This paper focuses on the design and construction of a pilot Collections Digitisation Dashboard (CDD) developed under the SYNTHESYS+ project (a DiSSCo-linked project, funded by the Horizon 2020 Framework Programme of the European Union, It provides an abridged version of the formal project deliverable report (D2.2 'Joint dashboard of collections assessment tools'). The pilot CDD aims to provide a dynamic window for stakeholders to discover the contents, coverage and strength of NSCs held in European institutions, both digitised and undigitised. In addition, it will help track current digitisation progress, to aid in the prioritisation of digitisation and to support high-level decision-making. The system needs the capability to be embedded into other DiSSCo e-services, a major one being the European Loans and Visits System (ELViS, ELViS will be a one-stop-shop that will enable global users (e.g. Scientific researchers, end-user communities etc.) to request loans, virtual access (digitisation on demand) and physical access to collections held in DiSSCo institutions. The CDD will provide support by providing access to information about the physical and digital holdings of NSCs in order to support users in planning visits and arranging loans of material (Islam et al. 2021). In addition, it will also track usage of collections accessed via ELViS (i.e. number of visits and loans, digitisation status etc.).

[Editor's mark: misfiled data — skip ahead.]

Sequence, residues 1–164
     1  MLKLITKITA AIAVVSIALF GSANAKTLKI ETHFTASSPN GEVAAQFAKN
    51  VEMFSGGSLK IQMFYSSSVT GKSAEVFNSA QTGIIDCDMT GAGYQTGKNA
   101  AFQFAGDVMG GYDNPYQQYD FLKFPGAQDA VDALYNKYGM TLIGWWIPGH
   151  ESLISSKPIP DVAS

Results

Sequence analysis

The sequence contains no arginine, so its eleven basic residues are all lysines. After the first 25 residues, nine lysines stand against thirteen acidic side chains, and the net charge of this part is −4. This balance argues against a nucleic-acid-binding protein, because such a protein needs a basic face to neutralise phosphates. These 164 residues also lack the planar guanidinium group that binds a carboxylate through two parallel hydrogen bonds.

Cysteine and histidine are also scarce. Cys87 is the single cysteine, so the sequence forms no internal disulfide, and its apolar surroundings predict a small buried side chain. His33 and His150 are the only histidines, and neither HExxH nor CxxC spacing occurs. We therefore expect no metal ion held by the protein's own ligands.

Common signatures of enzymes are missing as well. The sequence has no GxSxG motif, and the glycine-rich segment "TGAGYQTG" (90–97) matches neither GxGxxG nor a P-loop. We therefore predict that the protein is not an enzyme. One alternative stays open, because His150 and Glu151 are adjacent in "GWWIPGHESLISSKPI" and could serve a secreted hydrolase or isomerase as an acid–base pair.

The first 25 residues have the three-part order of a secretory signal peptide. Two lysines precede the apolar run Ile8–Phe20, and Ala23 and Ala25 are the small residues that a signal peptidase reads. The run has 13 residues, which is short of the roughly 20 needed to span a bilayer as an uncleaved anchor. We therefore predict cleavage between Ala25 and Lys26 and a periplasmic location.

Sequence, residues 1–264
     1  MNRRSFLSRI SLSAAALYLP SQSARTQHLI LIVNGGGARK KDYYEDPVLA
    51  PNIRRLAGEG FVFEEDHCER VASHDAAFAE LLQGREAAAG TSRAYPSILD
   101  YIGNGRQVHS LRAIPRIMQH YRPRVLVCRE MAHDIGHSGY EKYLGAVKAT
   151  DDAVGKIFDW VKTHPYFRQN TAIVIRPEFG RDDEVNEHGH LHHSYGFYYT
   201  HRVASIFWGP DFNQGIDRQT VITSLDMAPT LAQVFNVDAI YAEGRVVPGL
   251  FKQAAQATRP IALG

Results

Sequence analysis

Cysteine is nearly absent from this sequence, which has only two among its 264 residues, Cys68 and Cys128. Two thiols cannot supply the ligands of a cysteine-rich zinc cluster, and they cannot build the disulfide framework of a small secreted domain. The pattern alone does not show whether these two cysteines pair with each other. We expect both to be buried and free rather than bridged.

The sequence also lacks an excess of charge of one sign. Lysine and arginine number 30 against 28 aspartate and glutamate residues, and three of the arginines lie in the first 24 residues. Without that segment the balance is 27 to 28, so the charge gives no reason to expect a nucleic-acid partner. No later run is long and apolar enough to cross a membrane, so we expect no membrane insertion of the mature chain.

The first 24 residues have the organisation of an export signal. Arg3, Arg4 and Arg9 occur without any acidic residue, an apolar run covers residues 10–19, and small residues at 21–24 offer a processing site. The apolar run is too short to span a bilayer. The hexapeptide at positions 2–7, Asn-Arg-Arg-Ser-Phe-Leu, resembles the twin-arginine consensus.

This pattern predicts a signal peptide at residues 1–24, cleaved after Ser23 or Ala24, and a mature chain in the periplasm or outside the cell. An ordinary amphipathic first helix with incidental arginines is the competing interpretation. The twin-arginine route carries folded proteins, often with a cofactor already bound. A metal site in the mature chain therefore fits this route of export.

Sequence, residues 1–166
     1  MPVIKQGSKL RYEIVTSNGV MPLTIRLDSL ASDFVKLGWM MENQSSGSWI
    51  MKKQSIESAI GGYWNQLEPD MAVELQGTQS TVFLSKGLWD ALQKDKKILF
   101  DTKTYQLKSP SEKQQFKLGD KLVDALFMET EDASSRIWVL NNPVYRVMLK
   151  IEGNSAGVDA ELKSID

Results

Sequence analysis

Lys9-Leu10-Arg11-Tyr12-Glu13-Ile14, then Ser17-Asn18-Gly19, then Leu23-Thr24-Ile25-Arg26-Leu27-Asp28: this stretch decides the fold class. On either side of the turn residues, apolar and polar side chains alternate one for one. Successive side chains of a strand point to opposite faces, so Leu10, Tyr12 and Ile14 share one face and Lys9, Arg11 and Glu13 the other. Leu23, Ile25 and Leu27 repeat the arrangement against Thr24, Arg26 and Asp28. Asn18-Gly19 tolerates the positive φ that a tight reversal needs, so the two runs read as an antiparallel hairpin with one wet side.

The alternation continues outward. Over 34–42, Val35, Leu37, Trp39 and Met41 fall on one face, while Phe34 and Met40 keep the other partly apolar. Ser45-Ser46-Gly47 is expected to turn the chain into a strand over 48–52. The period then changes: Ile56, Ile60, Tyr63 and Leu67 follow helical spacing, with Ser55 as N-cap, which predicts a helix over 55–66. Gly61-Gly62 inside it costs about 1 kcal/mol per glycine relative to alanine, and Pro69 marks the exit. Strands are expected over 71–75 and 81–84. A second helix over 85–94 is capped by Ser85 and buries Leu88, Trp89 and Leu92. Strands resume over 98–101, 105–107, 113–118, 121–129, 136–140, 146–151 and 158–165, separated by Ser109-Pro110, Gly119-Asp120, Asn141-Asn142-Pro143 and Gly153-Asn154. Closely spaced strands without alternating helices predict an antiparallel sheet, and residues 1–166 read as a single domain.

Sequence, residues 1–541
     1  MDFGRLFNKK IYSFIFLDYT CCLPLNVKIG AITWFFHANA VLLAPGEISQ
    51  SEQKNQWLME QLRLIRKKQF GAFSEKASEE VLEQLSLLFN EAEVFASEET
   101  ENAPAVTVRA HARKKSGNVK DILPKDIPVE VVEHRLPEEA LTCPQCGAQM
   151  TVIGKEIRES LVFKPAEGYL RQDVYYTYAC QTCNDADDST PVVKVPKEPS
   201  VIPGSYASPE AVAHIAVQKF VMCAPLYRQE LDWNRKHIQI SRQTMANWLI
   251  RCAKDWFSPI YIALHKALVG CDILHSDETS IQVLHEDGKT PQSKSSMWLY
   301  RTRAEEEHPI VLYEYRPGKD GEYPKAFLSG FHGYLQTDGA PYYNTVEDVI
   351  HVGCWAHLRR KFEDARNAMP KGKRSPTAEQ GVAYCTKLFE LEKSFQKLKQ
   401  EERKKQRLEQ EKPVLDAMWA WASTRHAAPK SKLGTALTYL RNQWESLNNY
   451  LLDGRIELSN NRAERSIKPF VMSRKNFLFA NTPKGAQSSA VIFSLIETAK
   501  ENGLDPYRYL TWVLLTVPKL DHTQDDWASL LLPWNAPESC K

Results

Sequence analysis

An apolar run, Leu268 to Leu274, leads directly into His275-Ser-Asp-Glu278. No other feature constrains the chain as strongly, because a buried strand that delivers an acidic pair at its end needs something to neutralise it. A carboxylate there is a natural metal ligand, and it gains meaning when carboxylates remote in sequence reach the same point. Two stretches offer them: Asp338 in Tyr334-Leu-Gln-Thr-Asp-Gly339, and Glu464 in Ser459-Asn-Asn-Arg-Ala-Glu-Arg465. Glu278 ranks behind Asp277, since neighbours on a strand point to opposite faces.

The work described herein builds upon a previous 'proof of concept' design, which was developed as part of the DiSSCo-linked project ICEDIG (Innovation and consolidation for large scale digitisation of natural heritage) (, funded by the Horizon 2020 Framework Programme of the European Union. The ICEDIG project focused on developing the blueprint of DiSSCo. Moreover, work under ICEDIG demonstrated the potential of a collections dashboard, through the development of a set of user stories, the evaluation of technical solutions and the creation of a Collections Classification Scheme. The Collections Classification Scheme uses high-level categorisation to describe physical natural science collections and was developed via a gap analysis of existing data standards (van Egmond et al. 2019).

Project Description

The aim of the SYNTHESYS+ project is to produce an accessible and integrated European resource for users of natural science collections and facilities. Moreover, it is focused on providing the technical foundation for DiSSCo. The work towards the design and construction of the CDD, described herein, was conducted over 14 months (July 2019 - September 2020) and was led by the Consortium of European Taxonomic Facilities (CETAF, with the support and collaborative effort of nine official partner institutions: London Natural History Museum (NHM), Museum für Naturkunde Berlin (MfN), Hungarian Natural History Museum - Budapest (HNHM), National Museum of Natural History - Paris (MNHN), National Museum of Natural Sciences - Madrid (MNCN), Naturalis Biodiversity Center - Leiden (Naturalis), Royal Belgian Institute of Natural Sciences – Brussels (RBINS), University of Copenhagen (UCPH) and Meise Botanic Garden (MBG). There were also valuable contributions from two other SYNTHESYS+ partners who were not officially involved in the task: Natural History Museum Wien - Vienna (NHMW) and the Royal Museum of Central Africa - Tervuren (RMCA).